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Thread: Rifles and Brush

  1. #1
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    Default Rifles and Brush

    Last weekend I missed a whitetail buck trying to shoot through some brush to the deer. I have never had a problem busting brush with the 12 gauge foster slugs, and punched through to a buck with the ML this year who's body I couldn't see (only the head and front legs) without any problem. I tried to make almost the same kind of shot with the 300 win mag, and had no success. I'm shooting 180 grain TSX federal premium.

    So when I got home, i decided to do a little test. That's the first animal i decided was a shooter and didn't get at under 40 yds. I have missed my share at longer distances and or running, but i was quite confident that I didn't miss the deer both shots because of my point of aim. Anyways, I set up the target (empty 24 pack of beer) at about 30 yards with similar size (pencil sized and smaller), density and amount (the last 7-10 yards) and fired 4 shots with 4 different bullets. One hit normal, one crashed near the edge of the target sideways, and 2 missed completely.

    3 shots with the 12 gauge slug yielded NO good hits, which was a complete surprise, considering I have never not scored when shooting through that kind of brush with it.

    What experiences has everybody had shooting through brush? I know a bow doesn't work, but I assumed that a 300 win mag could shoot through a steel plate and easily kill at that kind of range.
    You know you aren't really having fun until you ask yourself -how much is this going to cost me?

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    Member rimfirematt's Avatar
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    I watched or read (been so long I cant remember) a guy doing the test that you just did. He tried several different calibers. The small faster ones did better through the brush. Suprisingly the 30-30 and the 45-70 were among the worst.

    two years ago, my buddy shot at a moose. He said it was about 60 yards away. He watched the moose run off, He was a little suprised it did not flop over. Any way, he waits it out , then investigates. He doesnt find any sign of a hit at all. we play out the scene. Lo and behold, there was a little sappling that he hit. Not the center either just on the side. The bullet made a perfect half circle in the sapling. The sapling was only 30 yards from the moose. Yet that was all it took to send that bullet off course enough to miss an entire moose. He was using a 338. He said it was a really nice moose too. I laugh every time I walk by that tree.

  3. #3

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    I think you have been lucky in the hits you made so far. It takes darn little to deflect a bullet- any bullet.

    A good rule of thumb is the closer the brush to the deer, the less the deflection. The further from the deer, the more deflection.

    Over the years there have been enough tests to prove to my satisfaction that there's no such thing as a "brush busting" bullet or caliber, at least in terms of one I'd put to my shoulder anyway. And I've got 375 and 458 mag rifles, along with some other biggies you probably haven't heard of. Heck, with my 54 cal muzzleloader, I've had a single salmonberry vine deflect a round ball so bad it sounded like a bad Roy Rogers movie as it whanged off down the valley.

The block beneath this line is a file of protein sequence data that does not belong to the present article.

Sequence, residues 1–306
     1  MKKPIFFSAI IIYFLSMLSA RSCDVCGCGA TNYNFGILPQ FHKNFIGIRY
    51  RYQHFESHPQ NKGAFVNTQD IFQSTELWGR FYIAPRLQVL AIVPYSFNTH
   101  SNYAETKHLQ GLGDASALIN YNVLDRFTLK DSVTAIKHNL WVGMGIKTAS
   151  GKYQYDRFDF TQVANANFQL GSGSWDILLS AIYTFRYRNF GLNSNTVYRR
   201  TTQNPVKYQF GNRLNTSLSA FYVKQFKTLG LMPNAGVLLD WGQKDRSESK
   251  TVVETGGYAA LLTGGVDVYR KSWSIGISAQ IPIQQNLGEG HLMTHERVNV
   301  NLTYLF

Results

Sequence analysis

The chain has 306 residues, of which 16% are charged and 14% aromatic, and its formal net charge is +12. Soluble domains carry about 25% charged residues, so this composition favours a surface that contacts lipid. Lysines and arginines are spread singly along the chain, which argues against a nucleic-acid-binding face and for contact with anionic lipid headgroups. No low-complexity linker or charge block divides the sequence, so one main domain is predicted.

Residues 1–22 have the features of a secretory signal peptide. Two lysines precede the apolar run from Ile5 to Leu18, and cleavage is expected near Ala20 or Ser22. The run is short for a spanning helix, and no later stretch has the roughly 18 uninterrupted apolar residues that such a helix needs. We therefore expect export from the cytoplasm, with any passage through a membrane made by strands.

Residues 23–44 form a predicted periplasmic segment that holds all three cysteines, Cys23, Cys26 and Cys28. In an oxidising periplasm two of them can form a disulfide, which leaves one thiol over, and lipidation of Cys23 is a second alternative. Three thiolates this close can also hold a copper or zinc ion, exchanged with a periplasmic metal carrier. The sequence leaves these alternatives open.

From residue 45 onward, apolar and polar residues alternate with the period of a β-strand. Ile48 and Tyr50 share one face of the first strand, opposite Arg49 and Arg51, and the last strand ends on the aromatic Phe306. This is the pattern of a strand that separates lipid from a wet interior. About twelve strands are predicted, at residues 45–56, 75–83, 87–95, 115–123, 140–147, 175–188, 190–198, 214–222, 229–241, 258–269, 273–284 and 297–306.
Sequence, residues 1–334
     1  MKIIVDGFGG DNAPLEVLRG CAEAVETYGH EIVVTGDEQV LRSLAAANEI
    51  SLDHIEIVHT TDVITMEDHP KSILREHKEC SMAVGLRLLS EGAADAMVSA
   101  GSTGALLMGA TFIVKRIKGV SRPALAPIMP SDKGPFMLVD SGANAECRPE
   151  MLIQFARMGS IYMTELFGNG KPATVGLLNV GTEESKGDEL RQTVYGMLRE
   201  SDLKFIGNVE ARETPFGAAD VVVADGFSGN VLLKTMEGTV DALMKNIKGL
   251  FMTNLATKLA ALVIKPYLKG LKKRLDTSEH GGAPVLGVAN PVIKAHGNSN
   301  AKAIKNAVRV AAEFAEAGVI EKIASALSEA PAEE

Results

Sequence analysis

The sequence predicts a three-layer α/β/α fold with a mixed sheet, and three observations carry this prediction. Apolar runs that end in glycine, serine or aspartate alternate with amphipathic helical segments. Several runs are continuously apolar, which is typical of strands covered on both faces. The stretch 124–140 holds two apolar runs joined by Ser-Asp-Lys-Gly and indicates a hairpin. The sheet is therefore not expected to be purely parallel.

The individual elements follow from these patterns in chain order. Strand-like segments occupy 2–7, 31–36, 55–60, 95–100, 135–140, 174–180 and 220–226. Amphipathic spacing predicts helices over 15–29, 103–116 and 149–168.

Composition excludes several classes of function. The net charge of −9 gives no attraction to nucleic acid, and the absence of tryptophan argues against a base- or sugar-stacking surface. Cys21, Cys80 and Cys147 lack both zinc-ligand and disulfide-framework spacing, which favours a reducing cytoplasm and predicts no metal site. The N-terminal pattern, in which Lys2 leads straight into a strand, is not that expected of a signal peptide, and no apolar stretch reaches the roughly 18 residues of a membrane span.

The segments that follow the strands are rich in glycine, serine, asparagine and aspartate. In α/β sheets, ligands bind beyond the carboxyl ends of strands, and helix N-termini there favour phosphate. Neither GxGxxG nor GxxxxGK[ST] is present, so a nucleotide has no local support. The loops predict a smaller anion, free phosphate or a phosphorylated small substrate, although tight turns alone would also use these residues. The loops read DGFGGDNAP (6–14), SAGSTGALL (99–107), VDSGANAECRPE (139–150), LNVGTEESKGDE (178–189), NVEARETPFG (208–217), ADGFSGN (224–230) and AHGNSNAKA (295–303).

That's why you find scopes on several of my "serious" brush guns. The old eyes aren't as good as they used to be, and the scope helps me spot limbs well enough to sneak a bullet between them for shots.

  4. #4

    Default No shot

    This isn't meant as a bash, but if I don't have a clear shot, I don't shoot. It leaves too much to chance.

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    Quote Originally Posted by mauserboy View Post
    This isn't meant as a bash, but if I don't have a clear shot, I don't shoot. It leaves too much to chance.
    Yeah, I won't be trying it with the 300 any more unless I can find a hole to put the bullet through. I just never have had a problem before with the 12 gauge or the muzzle loader.
    You know you aren't really having fun until you ask yourself -how much is this going to cost me?

  6. #6

    Default +1 on No Brush Busters...

    I agree with the post about you having good fortune with the shotgun and muzzleloader, they're not really any better at getting through brush than the .300 - it doesn't take much to deflect any projectile.

    Use a low-power scope to find a hole for a shot, or wait until a clearer shot presents itself, regardless of your weapon.

  7. #7
    Member Bear Buster's Avatar
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    Default Apples and Oranges

    I watched or read (been so long I cant remember) a guy doing the test that you just did. He tried several different calibers. The small faster ones did better through the brush. Suprisingly the 30-30 and the 45-70 were among the worst.
    A 45-70 and a 30-30 have way different performances..Apples and Oranges different.
    A 45-70 depending on load selection would be hard to beat in a bush environment.
    Maybe someone had one to many while setting around the campfire when they hear the above QUOTE...and thats all I have to say about that.

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    I'm with mauserboy.....
    Vance in AK.

    Matthew 6:33
    "But seek first the kingdom of God and His righteousness, and all these things shall be added to you."